The life and death of the legendary Ludwig van Beethoven. Besides all the work he is known for, the composer once wrote a famous love letter to a nameless beloved, and the movie tries to ...
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Conductor Charles Hazlewood journeys to Russia in search of clues to uncover secrets to the enigmatic & masterful composer, Pyotr Ilyich Tchaikovsky - (played by Ed Stoppard) - whose life has been heavily shrouded in mystery.
Basil, a businessman and Chauffeur, Nick, drive into the heart of the rocky mountains in the midst of perilous weather. When the journey becomes potentially fatal, Basil must decide whether he's prepared to sacrifice his life for another.
The life and death of the legendary Ludwig van Beethoven. Besides all the work he is known for, the composer once wrote a famous love letter to a nameless beloved, and the movie tries to find out who this beloved was--not easy, as Beethoven has had many women in his life.Written by
Gary Oldman actually played all of the Beethoven pieces he performed in the film. A different musician performed in the official soundtrack. When Oldman learned he would be playing the lead role, he spent six weeks practicing on a Steinway piano for six hours a day in his hotel, and completely immersed himself in the music as his research for the character. In an interview with the South Bank show in 1997, Oldman quoted an article that said "he mimes very well" in the film. He then laughed and said "I'm playing it! I can play that!" See more »
In the movie, Beethoven bribes Chancellor Metternich to secure custody of Karl von Beethoven after his brother dies, offering to compose for Austria at the Congress of Vienna. Metternich became Austrian Chancellor in 1821, the Congress of Vienna ended in June 1815 and the legal battle over the custody started only just after Beethoven's brother died in November 1815, months after the Congress had ended. The case was completely resolved by 1820, before Metternich became Chancellor. See more »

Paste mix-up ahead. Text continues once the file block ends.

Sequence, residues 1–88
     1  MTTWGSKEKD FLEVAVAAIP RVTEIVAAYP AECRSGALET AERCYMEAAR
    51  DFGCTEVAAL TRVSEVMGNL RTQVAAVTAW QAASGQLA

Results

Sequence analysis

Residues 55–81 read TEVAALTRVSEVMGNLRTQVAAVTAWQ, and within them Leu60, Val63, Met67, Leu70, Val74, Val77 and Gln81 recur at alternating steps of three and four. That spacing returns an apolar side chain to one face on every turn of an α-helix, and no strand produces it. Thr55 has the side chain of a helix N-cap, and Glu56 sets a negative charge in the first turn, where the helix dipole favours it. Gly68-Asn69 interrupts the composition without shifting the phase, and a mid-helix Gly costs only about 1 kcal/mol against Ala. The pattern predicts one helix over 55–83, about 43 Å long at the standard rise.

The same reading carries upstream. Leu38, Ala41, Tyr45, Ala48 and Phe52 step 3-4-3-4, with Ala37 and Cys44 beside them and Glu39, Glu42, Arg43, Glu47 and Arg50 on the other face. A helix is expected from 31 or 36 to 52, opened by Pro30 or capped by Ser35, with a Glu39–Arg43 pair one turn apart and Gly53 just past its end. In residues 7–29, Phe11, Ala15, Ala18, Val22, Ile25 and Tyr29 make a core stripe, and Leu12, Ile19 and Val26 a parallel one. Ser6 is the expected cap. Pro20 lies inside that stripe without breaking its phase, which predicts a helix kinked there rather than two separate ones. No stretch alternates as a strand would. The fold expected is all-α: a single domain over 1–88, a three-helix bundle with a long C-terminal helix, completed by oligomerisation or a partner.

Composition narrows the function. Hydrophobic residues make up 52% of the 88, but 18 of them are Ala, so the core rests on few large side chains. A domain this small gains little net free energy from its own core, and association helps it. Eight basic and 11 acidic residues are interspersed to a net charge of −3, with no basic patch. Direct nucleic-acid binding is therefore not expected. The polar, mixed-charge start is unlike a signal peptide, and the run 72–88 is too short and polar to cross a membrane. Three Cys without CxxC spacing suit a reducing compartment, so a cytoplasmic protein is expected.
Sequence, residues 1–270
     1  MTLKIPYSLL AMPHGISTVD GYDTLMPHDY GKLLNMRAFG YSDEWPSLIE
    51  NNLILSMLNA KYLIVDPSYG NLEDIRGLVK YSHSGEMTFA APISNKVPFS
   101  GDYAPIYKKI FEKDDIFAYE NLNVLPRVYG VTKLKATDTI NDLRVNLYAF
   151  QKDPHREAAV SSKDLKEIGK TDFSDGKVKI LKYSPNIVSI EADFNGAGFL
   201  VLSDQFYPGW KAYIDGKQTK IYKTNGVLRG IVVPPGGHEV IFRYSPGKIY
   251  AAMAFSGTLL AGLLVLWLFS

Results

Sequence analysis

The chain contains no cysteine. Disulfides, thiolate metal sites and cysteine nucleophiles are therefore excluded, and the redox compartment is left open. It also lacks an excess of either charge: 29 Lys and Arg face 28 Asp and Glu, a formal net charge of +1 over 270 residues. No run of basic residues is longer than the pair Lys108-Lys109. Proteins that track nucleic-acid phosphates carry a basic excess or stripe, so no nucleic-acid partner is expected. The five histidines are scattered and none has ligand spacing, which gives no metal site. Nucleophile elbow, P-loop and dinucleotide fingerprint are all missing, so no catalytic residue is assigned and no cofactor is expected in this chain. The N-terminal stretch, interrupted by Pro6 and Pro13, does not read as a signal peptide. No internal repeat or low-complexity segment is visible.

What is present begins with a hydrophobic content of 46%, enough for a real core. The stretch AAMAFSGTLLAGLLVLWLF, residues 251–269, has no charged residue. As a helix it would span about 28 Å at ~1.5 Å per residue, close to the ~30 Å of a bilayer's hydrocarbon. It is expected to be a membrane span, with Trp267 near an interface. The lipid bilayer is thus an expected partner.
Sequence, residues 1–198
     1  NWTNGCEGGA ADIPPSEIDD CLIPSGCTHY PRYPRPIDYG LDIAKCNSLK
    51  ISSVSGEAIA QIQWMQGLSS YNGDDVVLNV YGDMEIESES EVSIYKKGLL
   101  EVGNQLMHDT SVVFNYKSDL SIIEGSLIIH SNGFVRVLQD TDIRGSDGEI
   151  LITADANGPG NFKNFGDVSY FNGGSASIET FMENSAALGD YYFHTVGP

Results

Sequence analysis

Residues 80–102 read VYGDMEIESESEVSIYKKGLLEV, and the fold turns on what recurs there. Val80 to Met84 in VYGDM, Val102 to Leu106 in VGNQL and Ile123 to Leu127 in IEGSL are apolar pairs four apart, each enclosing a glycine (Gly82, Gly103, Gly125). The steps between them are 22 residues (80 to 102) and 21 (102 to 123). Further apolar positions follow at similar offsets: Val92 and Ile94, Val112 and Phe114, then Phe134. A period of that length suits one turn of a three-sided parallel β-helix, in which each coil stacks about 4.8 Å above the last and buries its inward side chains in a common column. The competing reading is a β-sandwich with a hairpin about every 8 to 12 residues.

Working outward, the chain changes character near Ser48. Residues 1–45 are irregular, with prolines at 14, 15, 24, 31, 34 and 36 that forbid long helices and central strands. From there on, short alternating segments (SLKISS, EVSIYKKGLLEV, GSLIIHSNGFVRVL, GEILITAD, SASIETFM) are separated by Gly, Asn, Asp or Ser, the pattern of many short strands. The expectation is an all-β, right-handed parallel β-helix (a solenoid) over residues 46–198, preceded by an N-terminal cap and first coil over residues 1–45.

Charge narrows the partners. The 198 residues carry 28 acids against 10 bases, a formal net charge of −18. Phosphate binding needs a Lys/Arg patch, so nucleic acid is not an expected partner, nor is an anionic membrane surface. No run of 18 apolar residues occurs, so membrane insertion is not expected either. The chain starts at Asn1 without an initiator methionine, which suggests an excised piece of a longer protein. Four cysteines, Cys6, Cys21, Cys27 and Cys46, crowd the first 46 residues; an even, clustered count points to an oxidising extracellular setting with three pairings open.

Ludwig van Beethoven was one of the greatest composers-- some would say THE greatest-- in the history of the world. But what of the man himself? His passions, his loves? The humanness behind the genius? `Immortal Beloved,' written and directed by Bernard Rose, examines the man behind the music in a dramatization focusing on the mystery behind a letter-- written by Beethoven-- found among his effects after his death in 1827. The letter bears no name or address, but was written to a woman to whom he refers as his `immortal beloved,' with nary a clue as to her identity. But in his final will, it is she to whom he bequeaths his estate, and it therefore falls to Beethoven's secretary, Anton Schindler (Jeroen Krabbe), to unravel the mystery and discover her identity. And as Schindler pursues his quest, a portrait of Beethoven, in his most human aspect, emerges. Reminiscent of the approach taken by Orson Welles with `Citizen Kane,' Rose presents a riveting study of the enigmatic genius that was Beethoven. He suggests a man driven by passion and ego, who was under appreciated during his lifetime (as great artists often are), and who grew bitter in the wake of the slings and arrows fate so surreptitiously hurled at him. The great irony of his life, of course, was the deafness that deprived him of the aural beauty of his own creation, an affliction Rose implies was brought about through the brutality of a drunken father who would beat his son about the head and ears (And in retrospect, what a testimony to his genius, that he could write such music in his head without ever hearing an actual note). As Beethoven, Gary Oldman gives an outstanding performance, one for which he should have received acclaim that somehow was never forthcoming. His ability to create a total character, with such incredible emotional depth as he does here, is astounding. It's puzzling as to why so many of his performances are overlooked, especially at Oscar time. Besides this film, consider his work in `Sid and Nancy,' or more recently in `The Contender.' He is simply a tremendous actor who has yet to have his day in the sun. As Beethoven, he so completely immerses himself in the character that his soul is veritably reflected in his eyes. You feel the silent world in which he was confined for most of his life, and it allows you to identify with the inner turmoil with which he had to cope and endure without respite. Most importantly, Oldman makes you feel that unabashed passion that motivated and drove Beethoven on. It's quite simply a remarkable performance. Turning in notable performances as well are Isabella Rossellini, as Anna Marie Erdody, one of the women in Beethoven's life who may or may not have been the one to whom the letter was intended, and Johanna ter Steege, as Johanna, Beethoven's sister-in-law and the mother of his beloved nephew, Karl (Marco Hofschneider). The supporting cast includes Miriam Margolyes (Nanette), Barry Humphries (Clemens), Valeria Golino (Giulietta), Gerard Horan (Nikolaus), Christopher Fulford (Casper), Alexandra Pigg (Therese) and Luigi Diberti (Franz). Beethoven's renown today, of course, exceeds even mythological proportions, which often facilitates the blending of fiction with fact. But with `Immortal Beloved,' whether or not the finer points are historically accurate or not is of little consequence, for at it's heart this is a love story that is engrossing drama that is altogether transporting. It's a memorable film, highlighted by Oldman's performance and, of course, the music. And there are a number of scenes, as well, that are unforgettable and demand mention. One depicting the debut performance of the `Ode to Joy,' and another in which the young Beethoven (played by Leo Faulkner) runs at night through the streets of the city to escape his drunken father (Fintan McKeown), coming at last to a lake, into which he wades to float on his back; and with the camera positioned directly above, looking down upon him, a billion stars are reflected in the water around him. Then slowly the camera pulls back until the young Ludwig blends with the reflected stars to seemingly take his place among all the brightest lights of the firmament. It's a scene that will leave you breathless and remain etched in your memory forever. And it's but one of the more astounding moments from an astounding motion picture that absolutely must not be missed. I rate this one 10/10.